Jesus didn't just give the twelve a set of directions; He offered them an example to follow....the Lord held them accountable.

The Lord didn't set up programs; He prepared some people.

You can't transform the world until you transform a person.

Christ understood the importance of shaping a handful of mature believers over a crowd of immature church-goers.

If you want to wait until you glow in the dark with righteousness, you'll spend your entire life marking time.

Keep in mind you're setting up a potentially lifelong friendship.

We've got to decide now that , if we want our lives to be significant, we must pursue people.

Sometimes we expect men to be committed and loyal when they've never seen those qualities modeled in their families, professions, or marriages.

One of the things that has become more and more clear to me over time is my walk counts more than my words.

Men today aren't looking for answers but for examples.

But Christ doesn't expect me to be faultless - He expects me to be faithful.

When we look at others as tasks, we are not only ineffective disciple-makers but run the risk of injuring others' spiritual lives.

We're all bound up in who won the game, how much our new car cost, the taxes we owe, or the squabbling in the church. We miss the pure joy of celebrating the work of God in the lives of people. Instead of getting this tremendous, profound, eternal blessing of having spiritual children and knowing they walk with God, we're spending our time on other issues.

....you example will drown out your words.

We are after disciples not decisions.

Relationships are what change people not prescriptions.

All of that from the first section.



Churches have failed to challenge people over the years, expecting little and receiving exactly that.

The Scriptures aren't just a general account of good ideas, but an owner's manual for Christians.

Without the discipline of obedience, you can find yourself in serious trouble amazingly fast.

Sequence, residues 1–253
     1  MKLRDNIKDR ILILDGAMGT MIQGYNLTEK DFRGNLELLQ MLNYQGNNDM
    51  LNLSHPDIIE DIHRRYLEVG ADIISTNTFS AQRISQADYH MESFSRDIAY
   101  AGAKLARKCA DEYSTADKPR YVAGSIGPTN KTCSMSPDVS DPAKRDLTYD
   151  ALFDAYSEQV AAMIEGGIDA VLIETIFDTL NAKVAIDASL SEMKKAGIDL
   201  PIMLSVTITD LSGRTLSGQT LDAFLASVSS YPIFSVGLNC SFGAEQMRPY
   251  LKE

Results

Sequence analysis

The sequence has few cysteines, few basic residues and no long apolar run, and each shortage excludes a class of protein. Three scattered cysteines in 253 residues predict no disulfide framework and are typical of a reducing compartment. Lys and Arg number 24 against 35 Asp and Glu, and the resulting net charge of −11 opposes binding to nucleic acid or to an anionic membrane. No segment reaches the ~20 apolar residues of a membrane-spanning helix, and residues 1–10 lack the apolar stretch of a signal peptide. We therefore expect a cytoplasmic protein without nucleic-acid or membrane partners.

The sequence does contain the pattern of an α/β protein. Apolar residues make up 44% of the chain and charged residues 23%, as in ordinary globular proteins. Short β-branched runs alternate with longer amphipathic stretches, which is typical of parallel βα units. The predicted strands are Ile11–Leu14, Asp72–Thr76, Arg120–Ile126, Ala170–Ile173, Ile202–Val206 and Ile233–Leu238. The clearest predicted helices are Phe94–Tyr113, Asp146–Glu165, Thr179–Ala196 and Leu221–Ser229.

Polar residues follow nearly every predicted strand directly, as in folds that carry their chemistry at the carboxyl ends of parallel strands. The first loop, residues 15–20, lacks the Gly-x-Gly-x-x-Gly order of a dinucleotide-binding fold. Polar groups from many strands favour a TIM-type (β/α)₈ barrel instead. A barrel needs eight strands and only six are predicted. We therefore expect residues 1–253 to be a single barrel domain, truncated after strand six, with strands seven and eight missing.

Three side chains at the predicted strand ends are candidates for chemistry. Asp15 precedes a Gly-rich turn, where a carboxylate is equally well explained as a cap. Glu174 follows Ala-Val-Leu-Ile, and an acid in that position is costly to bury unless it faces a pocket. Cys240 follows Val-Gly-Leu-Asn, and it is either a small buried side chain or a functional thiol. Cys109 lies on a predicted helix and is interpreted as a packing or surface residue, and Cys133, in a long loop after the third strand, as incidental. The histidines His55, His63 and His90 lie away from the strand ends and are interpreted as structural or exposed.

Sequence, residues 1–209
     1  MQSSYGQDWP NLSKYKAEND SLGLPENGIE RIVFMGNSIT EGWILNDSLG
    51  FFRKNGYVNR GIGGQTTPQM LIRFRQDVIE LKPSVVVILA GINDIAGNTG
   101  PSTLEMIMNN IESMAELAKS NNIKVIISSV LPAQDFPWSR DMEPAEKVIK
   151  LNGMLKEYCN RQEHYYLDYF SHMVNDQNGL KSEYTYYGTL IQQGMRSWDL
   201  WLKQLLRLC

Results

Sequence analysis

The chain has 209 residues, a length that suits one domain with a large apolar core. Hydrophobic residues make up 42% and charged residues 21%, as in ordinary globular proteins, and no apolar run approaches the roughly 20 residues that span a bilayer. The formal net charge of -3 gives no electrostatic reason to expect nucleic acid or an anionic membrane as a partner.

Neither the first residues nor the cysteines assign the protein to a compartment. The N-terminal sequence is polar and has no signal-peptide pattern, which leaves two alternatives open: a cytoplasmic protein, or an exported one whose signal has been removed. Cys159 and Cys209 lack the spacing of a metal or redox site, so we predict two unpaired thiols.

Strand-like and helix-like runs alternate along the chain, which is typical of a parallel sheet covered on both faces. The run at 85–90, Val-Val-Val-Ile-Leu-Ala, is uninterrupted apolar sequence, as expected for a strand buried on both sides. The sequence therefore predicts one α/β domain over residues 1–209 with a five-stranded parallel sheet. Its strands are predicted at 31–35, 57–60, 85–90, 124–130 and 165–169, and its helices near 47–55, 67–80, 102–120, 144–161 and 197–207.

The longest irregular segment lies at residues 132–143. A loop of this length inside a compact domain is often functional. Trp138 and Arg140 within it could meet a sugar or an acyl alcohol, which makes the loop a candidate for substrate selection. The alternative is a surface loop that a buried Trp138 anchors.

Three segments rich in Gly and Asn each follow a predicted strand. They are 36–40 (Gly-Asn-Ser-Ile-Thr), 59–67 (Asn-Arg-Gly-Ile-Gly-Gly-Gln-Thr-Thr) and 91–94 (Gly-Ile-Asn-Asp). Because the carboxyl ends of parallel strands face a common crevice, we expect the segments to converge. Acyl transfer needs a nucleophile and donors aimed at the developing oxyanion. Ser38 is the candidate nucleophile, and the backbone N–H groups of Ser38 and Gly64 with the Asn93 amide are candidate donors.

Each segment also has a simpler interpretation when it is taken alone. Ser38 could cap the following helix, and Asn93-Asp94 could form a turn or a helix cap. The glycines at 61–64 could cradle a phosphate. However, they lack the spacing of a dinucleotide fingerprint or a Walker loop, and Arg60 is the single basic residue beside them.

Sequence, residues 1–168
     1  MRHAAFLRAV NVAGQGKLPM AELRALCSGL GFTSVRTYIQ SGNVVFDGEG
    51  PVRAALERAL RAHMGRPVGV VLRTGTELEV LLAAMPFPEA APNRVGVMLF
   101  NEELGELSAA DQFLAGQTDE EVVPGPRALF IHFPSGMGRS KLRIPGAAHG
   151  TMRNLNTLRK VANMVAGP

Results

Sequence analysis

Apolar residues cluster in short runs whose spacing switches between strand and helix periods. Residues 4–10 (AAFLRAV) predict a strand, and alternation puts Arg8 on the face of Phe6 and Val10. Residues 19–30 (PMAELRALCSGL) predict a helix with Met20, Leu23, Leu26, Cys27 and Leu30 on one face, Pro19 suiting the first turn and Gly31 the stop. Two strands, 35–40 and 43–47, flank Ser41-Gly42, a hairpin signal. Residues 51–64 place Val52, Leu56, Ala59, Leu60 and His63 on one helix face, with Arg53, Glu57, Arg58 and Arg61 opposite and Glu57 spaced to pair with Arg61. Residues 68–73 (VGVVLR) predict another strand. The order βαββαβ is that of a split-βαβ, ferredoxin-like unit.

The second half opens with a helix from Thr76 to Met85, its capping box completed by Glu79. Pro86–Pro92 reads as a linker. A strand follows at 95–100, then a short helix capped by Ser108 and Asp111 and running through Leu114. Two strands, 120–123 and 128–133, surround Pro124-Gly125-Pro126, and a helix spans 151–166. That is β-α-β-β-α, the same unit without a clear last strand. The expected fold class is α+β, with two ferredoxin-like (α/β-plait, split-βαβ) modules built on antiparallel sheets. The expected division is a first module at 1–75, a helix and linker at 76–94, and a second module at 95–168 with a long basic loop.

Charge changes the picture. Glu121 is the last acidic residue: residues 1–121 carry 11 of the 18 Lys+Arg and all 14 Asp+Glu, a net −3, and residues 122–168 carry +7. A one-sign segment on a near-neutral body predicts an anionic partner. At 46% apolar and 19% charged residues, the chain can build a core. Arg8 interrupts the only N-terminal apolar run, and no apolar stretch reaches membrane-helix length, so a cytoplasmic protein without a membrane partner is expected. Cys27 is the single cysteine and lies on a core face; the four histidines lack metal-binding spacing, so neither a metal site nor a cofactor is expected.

It's amazing how the lack of absolutes has caused men and women to live in a dream world. They think they can escape the certain consequences of sin by denying its existence. But sin is a bad deal; no one sins and gets away with it. Every sin you commit impacts your character.

God is holy, and He isn't going to make any special exemption from justice for those who find the consequences of sin too inconvenient to believe.

A man involved in secret sin is a fugitive, continuing in sin until he's caught.

But keep in mind God brings tough times to create tough people.

Sometimes in our culture people equate "forgiveness" with "fantasy"; God can forgive you of the most heinous sin, but it's fantasy to believe your life will go on as though the sin never happened.

When Ron asked me about his marriage, I told him his happiness was not God's first concern. Ron's holiness was what the Lord was most concerned about.

God is more concerned about the condition of our hearts and our obedience than He is about our feeling good.

The touchtone of your faith will be if you can look at your Timothy and say, "I don't know why it happened. But I trust God just the same."

That was from the second section.


My colleagues at work didn't know I cared for them; they just thought I wanted to convince them.

That was from the third section.

The book is worth reading just for the first section, and you will find the second section helpful, and for others the third section might be more appealing than it was for me.

Book rating **